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I am trying to split a figure, so it will fit in my 3D-printer. For the pieces to fit together after the slice, I plan to make a ball joint or a trapeze joint, and glue them together, just like this:

enter image description here

For this to work the best, I don't plan to bisect the model in a straight line, but use the knife it to fit certain lines on the figure, and so the figure itself hides the cut.

What I can do is (and also shown in the gif below):

  1. Make the knife-tool selection K
  2. Hide it H
  3. Select a vertex, and all it is connect to ⌃ Ctrl + L
  4. Unhide the previous selection ⌥ Alt + H

GIF of my current progress

The issue is, when I make a "weird" cut, I have a hard time doing the following:

  1. I need to select the edge of each of the pieces, which can be very time consuming. I need to find the ring loop (I think it's called?)
  2. I need to make a surface when I finally get the ring, and it needs to be the same surface on each piece
  3. I need to make the ball/trapese joint (I assume this is just a boolean modification with some extra space for the 'female'-pin.

How do I make a cut through a figure and make them overlap correctly so I can join them again after print?

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OK, this is going to be a long one...

When you first create the "weird" cut, add the vertices to a vertex group, CTRL-G is the shortcut. With the vertices selected hit V to "rip" the edges creating 2 separate bodies, best to have Auto Merge off, RIGHT CLICK to end to tool without moving the verts. Quick tip, no need to select a vertex first then CTRL-L to select linked, just hover your mouse over the vertex you want and hit L Once you have one of the bodies selected, move them to a new object P. The new object and the original with both have the same vertex group so you can select in Edit Mode making the edge loop selection a breeze!

enter image description here

enter image description here I've put my object at a weird angle so the following makes more sense.

The next step, to make the same face on each part is the trick!

Back in Object Mode, hide one of the objects for now.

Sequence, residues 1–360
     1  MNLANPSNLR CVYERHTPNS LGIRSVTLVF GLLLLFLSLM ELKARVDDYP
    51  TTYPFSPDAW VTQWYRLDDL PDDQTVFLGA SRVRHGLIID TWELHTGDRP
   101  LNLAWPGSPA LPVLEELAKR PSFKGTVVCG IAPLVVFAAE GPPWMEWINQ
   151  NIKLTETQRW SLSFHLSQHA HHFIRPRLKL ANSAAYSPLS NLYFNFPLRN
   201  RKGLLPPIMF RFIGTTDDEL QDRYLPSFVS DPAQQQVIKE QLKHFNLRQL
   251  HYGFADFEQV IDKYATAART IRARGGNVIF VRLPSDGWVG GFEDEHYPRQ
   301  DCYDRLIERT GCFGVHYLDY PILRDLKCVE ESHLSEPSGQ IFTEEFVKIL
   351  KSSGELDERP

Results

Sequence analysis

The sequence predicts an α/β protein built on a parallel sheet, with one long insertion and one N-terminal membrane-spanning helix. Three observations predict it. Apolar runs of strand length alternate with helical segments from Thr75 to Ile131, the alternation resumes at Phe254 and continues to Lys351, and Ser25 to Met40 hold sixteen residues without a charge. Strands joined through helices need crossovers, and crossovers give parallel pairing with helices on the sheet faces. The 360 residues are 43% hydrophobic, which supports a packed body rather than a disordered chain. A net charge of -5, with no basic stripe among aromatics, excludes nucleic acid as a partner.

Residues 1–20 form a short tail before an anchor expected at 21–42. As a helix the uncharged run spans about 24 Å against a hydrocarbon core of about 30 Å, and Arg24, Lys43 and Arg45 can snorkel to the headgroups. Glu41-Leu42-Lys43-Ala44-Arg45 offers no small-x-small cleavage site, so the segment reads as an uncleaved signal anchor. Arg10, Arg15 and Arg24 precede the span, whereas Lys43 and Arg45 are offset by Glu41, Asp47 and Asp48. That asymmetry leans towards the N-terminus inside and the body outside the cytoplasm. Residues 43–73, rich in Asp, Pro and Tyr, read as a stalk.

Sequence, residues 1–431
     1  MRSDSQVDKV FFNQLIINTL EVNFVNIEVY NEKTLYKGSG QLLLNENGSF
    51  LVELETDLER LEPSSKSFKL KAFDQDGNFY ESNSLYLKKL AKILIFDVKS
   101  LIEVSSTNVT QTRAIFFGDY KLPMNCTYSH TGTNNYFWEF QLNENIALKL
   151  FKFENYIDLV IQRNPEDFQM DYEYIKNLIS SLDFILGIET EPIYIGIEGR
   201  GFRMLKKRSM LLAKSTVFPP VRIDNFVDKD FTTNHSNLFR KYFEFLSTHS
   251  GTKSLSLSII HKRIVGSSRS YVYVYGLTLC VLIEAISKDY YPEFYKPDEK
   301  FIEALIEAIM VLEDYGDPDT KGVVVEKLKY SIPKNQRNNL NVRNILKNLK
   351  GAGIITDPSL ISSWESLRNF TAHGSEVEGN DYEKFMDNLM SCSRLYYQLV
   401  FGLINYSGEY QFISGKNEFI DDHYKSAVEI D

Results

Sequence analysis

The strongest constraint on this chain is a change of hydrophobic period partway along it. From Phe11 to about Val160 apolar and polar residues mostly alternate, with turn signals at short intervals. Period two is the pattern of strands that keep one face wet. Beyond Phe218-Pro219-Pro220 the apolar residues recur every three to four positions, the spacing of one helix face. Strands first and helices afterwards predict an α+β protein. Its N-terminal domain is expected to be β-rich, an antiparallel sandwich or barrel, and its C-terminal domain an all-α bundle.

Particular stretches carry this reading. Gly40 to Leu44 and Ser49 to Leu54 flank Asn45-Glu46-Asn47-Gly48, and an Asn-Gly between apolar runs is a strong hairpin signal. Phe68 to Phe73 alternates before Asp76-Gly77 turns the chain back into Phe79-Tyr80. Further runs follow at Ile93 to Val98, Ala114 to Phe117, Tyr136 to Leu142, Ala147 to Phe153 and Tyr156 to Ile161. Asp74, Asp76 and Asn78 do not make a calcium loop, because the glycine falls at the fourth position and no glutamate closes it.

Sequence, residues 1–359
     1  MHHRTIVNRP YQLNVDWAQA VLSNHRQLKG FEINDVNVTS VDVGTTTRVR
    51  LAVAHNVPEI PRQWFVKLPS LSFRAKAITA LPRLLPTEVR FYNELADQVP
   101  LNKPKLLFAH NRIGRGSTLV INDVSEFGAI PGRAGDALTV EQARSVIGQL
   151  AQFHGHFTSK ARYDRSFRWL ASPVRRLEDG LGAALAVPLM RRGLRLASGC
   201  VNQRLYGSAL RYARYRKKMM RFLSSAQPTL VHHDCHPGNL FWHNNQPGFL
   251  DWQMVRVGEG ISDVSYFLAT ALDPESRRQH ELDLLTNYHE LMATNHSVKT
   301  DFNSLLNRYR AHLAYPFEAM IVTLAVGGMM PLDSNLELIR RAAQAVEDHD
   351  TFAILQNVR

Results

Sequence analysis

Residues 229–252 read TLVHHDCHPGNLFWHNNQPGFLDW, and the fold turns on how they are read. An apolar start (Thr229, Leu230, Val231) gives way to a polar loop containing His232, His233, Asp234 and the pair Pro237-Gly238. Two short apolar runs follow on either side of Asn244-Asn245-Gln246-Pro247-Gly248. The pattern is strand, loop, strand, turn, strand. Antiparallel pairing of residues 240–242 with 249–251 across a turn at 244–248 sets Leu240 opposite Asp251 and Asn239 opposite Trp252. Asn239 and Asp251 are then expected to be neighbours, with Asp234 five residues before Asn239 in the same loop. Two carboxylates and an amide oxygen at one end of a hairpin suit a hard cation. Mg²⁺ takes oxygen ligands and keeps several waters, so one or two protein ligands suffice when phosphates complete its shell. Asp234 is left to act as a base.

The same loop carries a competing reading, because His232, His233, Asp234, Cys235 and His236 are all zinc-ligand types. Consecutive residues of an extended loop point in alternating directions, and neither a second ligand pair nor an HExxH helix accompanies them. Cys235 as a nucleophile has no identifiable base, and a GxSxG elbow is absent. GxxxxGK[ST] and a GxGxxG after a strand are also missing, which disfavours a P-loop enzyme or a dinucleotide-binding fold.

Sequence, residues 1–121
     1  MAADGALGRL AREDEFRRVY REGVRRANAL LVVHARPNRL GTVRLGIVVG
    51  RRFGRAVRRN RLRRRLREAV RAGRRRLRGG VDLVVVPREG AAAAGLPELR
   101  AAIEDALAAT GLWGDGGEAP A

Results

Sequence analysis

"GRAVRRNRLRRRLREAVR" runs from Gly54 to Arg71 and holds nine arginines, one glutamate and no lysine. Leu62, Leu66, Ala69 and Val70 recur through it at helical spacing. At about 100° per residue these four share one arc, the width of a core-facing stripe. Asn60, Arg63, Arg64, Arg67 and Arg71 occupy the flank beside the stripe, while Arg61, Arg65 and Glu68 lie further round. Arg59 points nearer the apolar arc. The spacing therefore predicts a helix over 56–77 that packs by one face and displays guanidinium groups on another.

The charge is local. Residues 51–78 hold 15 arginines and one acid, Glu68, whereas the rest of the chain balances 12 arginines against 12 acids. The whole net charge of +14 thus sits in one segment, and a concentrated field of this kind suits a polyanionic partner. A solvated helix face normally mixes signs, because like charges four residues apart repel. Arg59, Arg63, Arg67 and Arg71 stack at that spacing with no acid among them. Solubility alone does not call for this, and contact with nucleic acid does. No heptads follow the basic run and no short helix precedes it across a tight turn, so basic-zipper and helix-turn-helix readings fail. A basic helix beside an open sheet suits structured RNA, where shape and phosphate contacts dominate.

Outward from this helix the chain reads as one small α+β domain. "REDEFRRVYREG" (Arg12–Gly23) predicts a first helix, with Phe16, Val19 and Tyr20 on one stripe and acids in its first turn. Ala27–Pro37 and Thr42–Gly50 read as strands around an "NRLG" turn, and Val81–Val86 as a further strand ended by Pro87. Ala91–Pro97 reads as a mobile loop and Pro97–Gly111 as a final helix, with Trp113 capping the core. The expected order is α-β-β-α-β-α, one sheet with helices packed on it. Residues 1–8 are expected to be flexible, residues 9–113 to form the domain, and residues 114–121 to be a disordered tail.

First, edit the visible object and select the edge loop as described above ;) then hit F, it will look terrible but we'll fix that in the next step.

enter image description here

With that terrible face selected place the 3D Cursor at it, SHIFT-S To Selected CTRL-I to invert selection and H to hide it. Now back to Object Mode.

Square your view up as best you can to that terrible face you just created, doesn't have to be perfect, just good enough. Add a plane, align to view, edit plane, scale it to be bigger than the face and subdivide it, the more you sub the better the face will end up. Select all and X Only Faces so you are left with a grid of edges.

enter image description here

Object mode again. Move the plane so that it is not intersecting the object but is still bigger when viewed normal to it and your face. Making the Transform Orientation Normal will help here.

enter image description here

Now the cool part!

Select the plane SHIFT-7 or SHIFT-CTRL-7 to view normal to the plane with the plane in front of the object.

Select the plane FIRST then select the object, enter edit mode. Make sure you still have all but the terrible face still hidden in the object. From the menu select Mesh->Knife Project If done correctly, this will project the edges of the plane onto the object and slice up that terrible face, there will be plenty of N-Gons but as this is for 3D printing it wont matter.

enter image description here

Now the matter of making the same face on the other part... Easy! (I won't give you key strokes here... you get the point!)

Edit the object your just made the "cool" faces for, use the vertex group again to select the vertices we need, then from the menu choose Select->Select Loops->Select Loop Inner-Region (you may need to invert that selection then select the group again) Duplicate the faces, move them to a new object. Back in Object Mode join the new faces object with your original object that we hid at the start. Edit it...

enter image description here

Now select the linked verts of those added faces. Choose a vertex that "stands out/easy to find on both bodies", make sure that is the active vertex.

enter image description here

Now with Snap to -> VertexSnap with -> Active selected move the selected vertexes to the correct spot, select all, merge by distance...

The alignment features should be a simple matter using booleans.

You're done!!

You should now have 2 separated objects with exactly the same faces that are readily 3D printable.

(I REALLY hope this answered your question!!)

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    $\begingroup$ This looks like the solution I am after. When I get to my machine, I will try it and get back to you. Great job, my dude! $\endgroup$ – Rasmus Bækgaard Jan 30 at 8:11
  • $\begingroup$ @RasmusBækgaard Did this work for you? If so, please mark as answer so others can find it :) $\endgroup$ – Psyonic Feb 13 at 1:06
  • $\begingroup$ Sorry about the super long response time. My graphic card went up in smoke, so it's a bit hard currently to try it. As soon as I can, I will check it, though this looks exactly like what I need. $\endgroup$ – Rasmus Bækgaard Feb 20 at 10:58

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